Top tips for the two species, so that the more tricky hybrids can be more easily winnowed out.
HYBRIDS. In areas where both species grow, natural hybrids will occur, though the situation is less hopeless than pessimists might think, as peak flowering time is earlier in Large-leaved by 15-20 days and in many sites the true species are readily identifiable. We still need to work out the prevalence of natural hybrids in Herefordshire. Because of back-crossing (introgression), hybrids are variable. Where species boundaries are drawn is a moot point when there might be 25% of one genome and 75% of another.
Hybridisation also occurs within the trees’ main range in continental Europe from where certain hybrids were selected and propagated clonally, especially in the Netherlands, to provide large numbers of plants for the fashionable avenues and walks of grand houses from the late 1600s onwards. This tradition continued into later centuries outwith grand country houses, presumably because the tree fared well in urban environments and the stock was available. Most of these trees belong to a single clone, correctly referred to botanically as Tilia x europaea L. var. europaea, by horticulturalists often as Tilia europaea Pallida, but, thanks to its abundance now widely and simply known as Common Lime.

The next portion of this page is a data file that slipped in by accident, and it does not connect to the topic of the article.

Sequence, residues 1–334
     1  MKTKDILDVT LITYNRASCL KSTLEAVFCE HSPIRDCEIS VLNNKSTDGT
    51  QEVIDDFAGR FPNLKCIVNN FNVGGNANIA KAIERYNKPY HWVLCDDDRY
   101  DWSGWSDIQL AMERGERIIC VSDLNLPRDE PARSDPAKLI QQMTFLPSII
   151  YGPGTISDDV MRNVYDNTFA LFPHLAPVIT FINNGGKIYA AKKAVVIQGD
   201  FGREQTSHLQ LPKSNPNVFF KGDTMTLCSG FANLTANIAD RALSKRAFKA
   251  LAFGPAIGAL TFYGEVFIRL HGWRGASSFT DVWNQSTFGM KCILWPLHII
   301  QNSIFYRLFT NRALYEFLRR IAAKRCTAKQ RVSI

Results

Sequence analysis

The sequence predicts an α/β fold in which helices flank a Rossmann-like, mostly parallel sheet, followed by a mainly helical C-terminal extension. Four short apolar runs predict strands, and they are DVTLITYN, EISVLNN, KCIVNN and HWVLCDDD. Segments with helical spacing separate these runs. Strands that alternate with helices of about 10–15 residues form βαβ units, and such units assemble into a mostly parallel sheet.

There are thus 4 trees to get to grips with: Small-leaved Lime, Large-leaved Lime, wild hybrid Lime and Common Lime. These are their usual contexts:
Small-leaved: Old or replanted woodland, sometimes in hedgerows nearby, or planted in parkland and churchyards
Large-leaved: Similar to small-leaved, but rarer, and associated with limestone or calcrete and cornstone within the Old Red Sandstone. Perhaps more frequent as an avenue tree in Herefordshire. Still planted today
wild hybrid Lime: Old or replanted woodland, either alone or in the company of both or perhaps more commonly one parent. Flag the possibility of wild hybrid Lime in your records if there seems to be a mix of significant characters, eg bunches of rusty hairs in the vein axils AND many single, white hairs sticking out at right angles (patent hairs) from the main surface of the underside. Small-leaved is the commoner tree and you may sometimes encounter odd singletons in amongst fair numbers of that species which show at least some traits of Large-leaved, and which may be relicts of the Large-leaved genome. I have found puzzling trees like this at Badnage Wood near Tillington, and near Vowchurch, Whitfield and Dinmore Hill.
Common Lime: Older suburbs of towns, municipal parks, churchyards and the grounds of manor houses and stately homes (which often border on woodland!).